“Although additional research is needed to determine the implications of these findings, we know the brain plays an important role in the control of appetite and food intake.
“This study is part of an exciting collaboration that we plan to develop further as we continue to explore how exercise and appetite interact, including the influence on central (brain) responses.”
David Stensel, Professor of Exercise Metabolism in SSEHS, added: “The role of exercise in modifying appetite and assisting with weight control remains a hotly debated topic. This research demonstrates that how our brains respond to food cues can be altered by exercise.
“The study provides a springboard for further work to characterise appetite responses to exercise more precisely and comprehensively. This, in turn, will give us a better understanding of the role of exercise in preventing and managing unhealthy weight gain.”
Dr Elanor Hinton from the university of Bristol, said: “This research began as a small pilot collaboration between two NIHR BRCs in Loughborough and Bristol. We are delighted that our initial plans have grown to produce this publication in Human Brain Mapping, in which we have shared our respective expertise.
“A further publication is now pending from this fruitful collaboration, demonstrating the value of collaboration across our research groups.”
About this exercise and neuroscience research news
Exploring the acute effects of running on cerebral blood flow and food cue reactivity in healthy young men using functional magnetic resonance imaging
Acute exercise suppresses appetite and alters food-cue reactivity, but the extent exercise-induced changes in cerebral blood flow (CBF) influences the blood-oxygen-level-dependent (BOLD) signal during appetite-related paradigms is not known.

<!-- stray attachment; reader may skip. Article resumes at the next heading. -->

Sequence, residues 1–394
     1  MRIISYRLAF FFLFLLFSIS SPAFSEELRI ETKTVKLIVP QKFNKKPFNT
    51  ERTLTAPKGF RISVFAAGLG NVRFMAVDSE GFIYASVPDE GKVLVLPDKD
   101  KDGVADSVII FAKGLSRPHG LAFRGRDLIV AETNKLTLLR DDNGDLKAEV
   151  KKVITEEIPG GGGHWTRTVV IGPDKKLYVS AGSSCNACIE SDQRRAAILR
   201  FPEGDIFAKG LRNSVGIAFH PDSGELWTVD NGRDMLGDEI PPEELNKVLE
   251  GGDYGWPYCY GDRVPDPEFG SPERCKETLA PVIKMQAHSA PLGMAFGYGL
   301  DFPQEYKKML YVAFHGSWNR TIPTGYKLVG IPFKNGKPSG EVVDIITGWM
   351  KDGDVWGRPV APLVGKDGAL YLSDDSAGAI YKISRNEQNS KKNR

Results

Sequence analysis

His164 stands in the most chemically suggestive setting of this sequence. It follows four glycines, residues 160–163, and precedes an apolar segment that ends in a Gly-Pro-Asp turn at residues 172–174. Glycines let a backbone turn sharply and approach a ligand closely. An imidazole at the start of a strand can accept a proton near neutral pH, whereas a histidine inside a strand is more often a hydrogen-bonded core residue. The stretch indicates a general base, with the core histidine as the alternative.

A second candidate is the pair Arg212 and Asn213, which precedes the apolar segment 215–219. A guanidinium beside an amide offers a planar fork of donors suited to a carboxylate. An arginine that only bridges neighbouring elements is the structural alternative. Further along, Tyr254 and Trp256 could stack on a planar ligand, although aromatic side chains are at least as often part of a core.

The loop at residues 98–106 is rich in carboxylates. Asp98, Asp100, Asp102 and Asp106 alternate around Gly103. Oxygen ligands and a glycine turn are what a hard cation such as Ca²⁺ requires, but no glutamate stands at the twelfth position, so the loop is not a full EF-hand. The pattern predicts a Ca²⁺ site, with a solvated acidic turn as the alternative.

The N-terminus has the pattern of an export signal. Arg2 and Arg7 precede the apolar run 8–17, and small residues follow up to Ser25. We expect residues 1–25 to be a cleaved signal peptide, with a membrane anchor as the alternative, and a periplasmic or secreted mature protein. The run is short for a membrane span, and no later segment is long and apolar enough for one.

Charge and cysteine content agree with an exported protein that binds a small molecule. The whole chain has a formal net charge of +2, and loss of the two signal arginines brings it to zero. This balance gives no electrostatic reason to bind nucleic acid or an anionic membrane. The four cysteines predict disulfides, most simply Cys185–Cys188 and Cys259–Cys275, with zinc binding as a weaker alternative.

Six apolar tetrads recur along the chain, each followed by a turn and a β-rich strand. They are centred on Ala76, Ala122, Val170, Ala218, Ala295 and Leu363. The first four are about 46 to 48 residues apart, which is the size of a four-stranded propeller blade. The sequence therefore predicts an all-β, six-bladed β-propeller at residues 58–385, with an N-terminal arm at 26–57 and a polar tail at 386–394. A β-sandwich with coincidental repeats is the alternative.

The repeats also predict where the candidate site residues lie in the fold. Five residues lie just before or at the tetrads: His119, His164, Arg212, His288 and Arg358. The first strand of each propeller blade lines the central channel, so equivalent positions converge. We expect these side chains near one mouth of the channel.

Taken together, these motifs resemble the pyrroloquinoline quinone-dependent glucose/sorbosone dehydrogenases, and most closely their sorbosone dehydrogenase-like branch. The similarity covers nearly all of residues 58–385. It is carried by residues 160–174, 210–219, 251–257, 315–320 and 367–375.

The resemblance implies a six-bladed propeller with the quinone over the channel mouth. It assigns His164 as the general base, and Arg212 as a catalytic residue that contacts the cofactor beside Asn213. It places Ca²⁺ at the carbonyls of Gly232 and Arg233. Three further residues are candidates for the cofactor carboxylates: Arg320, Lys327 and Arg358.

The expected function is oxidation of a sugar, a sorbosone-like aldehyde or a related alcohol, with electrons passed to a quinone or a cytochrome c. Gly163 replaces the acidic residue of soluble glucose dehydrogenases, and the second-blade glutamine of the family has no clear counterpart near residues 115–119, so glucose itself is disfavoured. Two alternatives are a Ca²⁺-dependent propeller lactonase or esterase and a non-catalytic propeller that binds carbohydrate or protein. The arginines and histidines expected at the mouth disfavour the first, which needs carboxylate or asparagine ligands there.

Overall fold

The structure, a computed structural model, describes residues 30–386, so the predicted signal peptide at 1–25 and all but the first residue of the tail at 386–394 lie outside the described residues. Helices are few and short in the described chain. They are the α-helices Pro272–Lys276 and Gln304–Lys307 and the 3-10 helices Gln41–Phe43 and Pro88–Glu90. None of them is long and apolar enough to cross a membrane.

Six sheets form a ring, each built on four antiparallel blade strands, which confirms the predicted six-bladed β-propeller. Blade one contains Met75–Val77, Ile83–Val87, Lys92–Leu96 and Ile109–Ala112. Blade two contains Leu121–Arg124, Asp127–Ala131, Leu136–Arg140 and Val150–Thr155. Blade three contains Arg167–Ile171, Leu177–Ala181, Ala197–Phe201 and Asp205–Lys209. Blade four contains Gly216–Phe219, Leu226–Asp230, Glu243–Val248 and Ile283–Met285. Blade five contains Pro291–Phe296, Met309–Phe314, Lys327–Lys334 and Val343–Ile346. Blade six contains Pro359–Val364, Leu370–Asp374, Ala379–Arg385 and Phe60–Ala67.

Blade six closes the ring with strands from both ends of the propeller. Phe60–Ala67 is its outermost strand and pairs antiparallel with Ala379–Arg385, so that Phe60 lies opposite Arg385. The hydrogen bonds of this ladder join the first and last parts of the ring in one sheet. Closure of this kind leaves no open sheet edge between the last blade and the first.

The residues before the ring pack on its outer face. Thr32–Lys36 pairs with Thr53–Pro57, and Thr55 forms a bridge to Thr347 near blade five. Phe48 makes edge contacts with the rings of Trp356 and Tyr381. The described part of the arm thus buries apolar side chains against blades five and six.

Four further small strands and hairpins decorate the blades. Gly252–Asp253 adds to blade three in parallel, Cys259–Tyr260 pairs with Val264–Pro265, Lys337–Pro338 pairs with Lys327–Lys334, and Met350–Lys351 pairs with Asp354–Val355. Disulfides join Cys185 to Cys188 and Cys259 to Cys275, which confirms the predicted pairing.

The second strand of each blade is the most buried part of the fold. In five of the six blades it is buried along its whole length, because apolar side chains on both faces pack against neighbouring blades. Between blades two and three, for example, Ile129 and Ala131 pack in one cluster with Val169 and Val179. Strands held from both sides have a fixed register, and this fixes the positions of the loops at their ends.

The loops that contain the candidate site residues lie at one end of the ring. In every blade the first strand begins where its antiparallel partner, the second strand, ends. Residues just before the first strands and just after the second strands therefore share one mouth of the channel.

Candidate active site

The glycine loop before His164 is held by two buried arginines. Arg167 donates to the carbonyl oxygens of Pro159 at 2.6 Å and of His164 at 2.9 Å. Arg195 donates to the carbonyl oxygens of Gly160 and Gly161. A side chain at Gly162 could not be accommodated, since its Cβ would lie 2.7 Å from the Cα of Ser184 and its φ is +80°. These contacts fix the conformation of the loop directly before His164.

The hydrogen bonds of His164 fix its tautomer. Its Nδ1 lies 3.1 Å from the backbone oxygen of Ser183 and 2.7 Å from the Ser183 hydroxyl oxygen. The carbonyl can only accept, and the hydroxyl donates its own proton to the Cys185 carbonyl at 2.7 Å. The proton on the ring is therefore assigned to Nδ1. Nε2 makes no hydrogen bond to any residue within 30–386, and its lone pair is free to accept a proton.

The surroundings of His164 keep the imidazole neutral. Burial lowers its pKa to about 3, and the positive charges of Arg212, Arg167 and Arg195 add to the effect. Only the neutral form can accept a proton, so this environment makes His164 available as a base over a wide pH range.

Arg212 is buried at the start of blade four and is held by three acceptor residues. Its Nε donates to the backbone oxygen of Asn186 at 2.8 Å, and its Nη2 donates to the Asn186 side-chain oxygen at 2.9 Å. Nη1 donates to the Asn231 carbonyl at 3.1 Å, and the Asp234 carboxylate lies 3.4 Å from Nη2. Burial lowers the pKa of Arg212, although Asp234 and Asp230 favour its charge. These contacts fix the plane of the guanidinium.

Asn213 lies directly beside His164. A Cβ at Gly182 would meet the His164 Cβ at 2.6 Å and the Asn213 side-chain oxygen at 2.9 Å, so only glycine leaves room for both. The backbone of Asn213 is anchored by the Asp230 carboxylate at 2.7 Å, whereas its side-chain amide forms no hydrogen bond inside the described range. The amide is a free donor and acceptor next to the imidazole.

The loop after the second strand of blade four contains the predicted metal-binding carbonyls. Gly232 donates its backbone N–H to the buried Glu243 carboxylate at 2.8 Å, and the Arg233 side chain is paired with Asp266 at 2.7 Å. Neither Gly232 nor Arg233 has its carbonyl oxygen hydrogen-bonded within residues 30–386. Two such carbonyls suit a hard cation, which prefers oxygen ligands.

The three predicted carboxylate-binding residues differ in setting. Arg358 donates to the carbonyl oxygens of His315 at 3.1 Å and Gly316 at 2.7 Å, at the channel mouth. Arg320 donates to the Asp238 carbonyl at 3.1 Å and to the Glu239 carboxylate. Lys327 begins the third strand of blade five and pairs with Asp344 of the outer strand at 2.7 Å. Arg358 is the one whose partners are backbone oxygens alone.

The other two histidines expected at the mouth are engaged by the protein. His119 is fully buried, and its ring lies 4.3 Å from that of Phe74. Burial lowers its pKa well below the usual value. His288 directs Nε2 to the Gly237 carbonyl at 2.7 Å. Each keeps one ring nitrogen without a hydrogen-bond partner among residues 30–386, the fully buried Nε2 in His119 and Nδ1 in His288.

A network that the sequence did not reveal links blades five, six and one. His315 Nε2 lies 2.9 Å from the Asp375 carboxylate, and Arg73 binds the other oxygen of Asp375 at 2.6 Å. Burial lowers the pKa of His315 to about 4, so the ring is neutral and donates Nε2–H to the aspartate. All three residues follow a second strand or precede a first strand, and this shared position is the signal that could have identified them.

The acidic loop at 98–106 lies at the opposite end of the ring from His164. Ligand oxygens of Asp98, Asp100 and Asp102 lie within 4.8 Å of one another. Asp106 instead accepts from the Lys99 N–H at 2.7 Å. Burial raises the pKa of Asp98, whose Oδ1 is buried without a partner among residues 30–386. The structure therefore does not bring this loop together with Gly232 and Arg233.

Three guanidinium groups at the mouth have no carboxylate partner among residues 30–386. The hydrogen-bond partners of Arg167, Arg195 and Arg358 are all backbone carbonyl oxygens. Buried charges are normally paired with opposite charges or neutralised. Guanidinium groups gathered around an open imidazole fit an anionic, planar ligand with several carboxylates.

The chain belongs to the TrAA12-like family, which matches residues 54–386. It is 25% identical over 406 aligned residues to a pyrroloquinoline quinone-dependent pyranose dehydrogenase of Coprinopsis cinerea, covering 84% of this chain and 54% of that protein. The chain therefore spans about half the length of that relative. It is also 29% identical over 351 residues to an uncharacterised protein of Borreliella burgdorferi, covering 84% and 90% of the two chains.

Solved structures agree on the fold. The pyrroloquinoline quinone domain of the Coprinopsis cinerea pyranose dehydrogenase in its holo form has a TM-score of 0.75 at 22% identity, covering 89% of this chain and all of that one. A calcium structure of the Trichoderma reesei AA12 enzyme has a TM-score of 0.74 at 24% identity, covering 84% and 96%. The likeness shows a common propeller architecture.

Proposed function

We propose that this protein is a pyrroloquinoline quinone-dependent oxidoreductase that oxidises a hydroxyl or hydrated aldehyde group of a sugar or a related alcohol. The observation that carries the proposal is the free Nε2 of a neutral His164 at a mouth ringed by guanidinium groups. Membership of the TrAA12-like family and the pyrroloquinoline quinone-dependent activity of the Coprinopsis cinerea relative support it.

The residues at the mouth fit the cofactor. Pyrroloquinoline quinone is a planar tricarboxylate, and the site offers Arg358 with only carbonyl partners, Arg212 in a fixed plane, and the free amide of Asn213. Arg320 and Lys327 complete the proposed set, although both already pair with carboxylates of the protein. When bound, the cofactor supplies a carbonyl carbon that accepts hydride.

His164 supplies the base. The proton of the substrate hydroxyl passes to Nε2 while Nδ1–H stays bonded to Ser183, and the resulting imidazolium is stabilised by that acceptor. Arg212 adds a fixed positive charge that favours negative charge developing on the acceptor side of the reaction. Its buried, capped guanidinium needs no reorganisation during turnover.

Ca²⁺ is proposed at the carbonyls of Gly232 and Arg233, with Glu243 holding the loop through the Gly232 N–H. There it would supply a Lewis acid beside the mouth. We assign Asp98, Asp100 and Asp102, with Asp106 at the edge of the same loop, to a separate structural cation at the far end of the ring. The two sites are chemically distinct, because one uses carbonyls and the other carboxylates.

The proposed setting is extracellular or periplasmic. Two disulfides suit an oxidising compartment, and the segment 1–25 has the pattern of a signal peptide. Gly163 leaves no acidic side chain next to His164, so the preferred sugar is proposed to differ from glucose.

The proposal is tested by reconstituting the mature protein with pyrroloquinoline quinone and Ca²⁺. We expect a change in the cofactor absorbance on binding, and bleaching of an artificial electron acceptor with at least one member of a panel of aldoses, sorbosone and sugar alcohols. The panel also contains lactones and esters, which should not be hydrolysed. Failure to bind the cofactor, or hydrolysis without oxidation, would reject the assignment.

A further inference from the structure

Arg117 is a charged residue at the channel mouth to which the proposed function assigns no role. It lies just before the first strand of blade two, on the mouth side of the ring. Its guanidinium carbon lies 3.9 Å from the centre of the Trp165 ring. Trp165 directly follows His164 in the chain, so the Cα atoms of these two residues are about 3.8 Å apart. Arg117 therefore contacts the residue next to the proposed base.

This study examined the impact of acute running on visual food-cue reactivity and explored whether such responses are influenced by CBF variability. In a randomised crossover design, 23 men (mean ± SD: 24 ± 4 years, 22.9 ± 2.1 kg/m2) completed fMRI scans before and after 60 min of running (68% ± 3% peak oxygen uptake) or rest (control).
Five-minute pseudo-continuous arterial spin labelling fMRI scans were conducted for CBF assessment before and at four consecutive repeat acquisitions after exercise/rest. BOLD-fMRI was acquired during a food-cue reactivity task before and 28 min after exercise/rest.
Food-cue reactivity analysis was performed with and without CBF adjustment. Subjective appetite ratings were assessed before, during and after exercise/rest.
Exercise CBF was higher in grey matter, the posterior insula and in the region of the amygdala/hippocampus, and lower in the medial orbitofrontal cortex and dorsal striatum than control (main effect trial p ≤ .018). No time-by-trial interactions for CBF were identified (p ≥ .087).
Exercise induced moderate-to-large reductions in subjective appetite ratings (Cohen’s d = 0.53–0.84; p ≤ .024) and increased food-cue reactivity in the paracingulate gyrus, hippocampus, precuneous cortex, frontal pole and posterior cingulate gyrus. Accounting for CBF variability did not markedly alter detection of exercise-induced BOLD signal changes.
Acute running evoked overall changes in CBF that were not time dependent and increased food-cue reactivity in regions implicated in attention, anticipation of reward, and episodic memory independent of CBF.